As property managers, we must constantly reflect upon our actions to ensure we are not violating the law or general rules of etiquette. It's not only what makes a person a good landlord, it's what constitutes being a decent person. As Scott Safadi of Cal Bay Property Management can attest, understanding your rights as a landlord can ensure you keep your tenants and your staff happy. One issue that comes up frequently is the policy of entering a unit without warning. Doing so risks your good relationship with your tenant. On the other hand, ignoring a potential maintenance problem until you can warn the tenant can also lead to serious damage. So what's a landlord to do?
For starters, look up the local laws in your area surrounding this issue. In most states, landlords are required to give tenants a warning within a reasonable amount of time of entering their property. Defining reasonable, however, isn't always straightforward. In Louisiana, for example, landlords need only provide advance notice in the form of a knock on the door. If no one answers, they may use their key to enter. How's that for reasonable notice?
It's also important to consider why you plan to enter a tenant's unit. If there's a maintenance need and your team needs to get in to solve a problem, a tenant would be hard pressed to find a reason not to let you in. On the other hand, if you're searching for a reason to throw out a problem tenant, your presence in their apartment could be seriously problematic. By having respect for the law and your tenant, you ensure you're on the up and up.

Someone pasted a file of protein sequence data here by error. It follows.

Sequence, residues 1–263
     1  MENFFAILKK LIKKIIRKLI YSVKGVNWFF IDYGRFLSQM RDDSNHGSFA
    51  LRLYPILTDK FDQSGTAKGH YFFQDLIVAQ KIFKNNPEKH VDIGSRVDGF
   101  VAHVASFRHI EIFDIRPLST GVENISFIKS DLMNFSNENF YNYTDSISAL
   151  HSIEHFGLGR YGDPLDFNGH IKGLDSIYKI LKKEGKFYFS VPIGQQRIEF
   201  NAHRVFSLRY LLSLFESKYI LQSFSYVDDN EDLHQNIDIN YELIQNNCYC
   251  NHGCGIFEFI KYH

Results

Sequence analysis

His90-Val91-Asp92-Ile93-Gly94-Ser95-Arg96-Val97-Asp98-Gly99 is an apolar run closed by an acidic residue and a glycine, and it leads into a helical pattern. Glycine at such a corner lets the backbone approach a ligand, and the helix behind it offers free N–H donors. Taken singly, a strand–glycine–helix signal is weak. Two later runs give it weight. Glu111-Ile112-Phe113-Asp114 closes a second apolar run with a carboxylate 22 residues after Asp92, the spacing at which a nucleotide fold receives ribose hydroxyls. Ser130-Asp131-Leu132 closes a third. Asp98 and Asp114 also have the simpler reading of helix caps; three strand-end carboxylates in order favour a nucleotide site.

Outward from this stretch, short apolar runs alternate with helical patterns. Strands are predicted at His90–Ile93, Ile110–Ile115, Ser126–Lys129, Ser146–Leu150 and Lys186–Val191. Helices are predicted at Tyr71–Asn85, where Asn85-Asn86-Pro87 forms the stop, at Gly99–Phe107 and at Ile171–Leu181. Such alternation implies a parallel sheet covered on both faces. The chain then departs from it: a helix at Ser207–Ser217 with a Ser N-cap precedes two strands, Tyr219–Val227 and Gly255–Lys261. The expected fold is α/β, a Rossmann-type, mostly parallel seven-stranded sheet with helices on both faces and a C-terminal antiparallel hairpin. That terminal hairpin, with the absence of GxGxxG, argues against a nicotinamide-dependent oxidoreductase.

If your tenant has taken issue with you entering their property without warning, consider having an honest conversation with them about why you need to do so. Come up with a reasonable solution that can make both parties comfortable. If you need to access someone's property, keep the golden rule in mind. Treat your tenants the way you would like to be treated, and you'll be surprised at the respect you get in return.
Scott Safadi, Cal Bay Property Management
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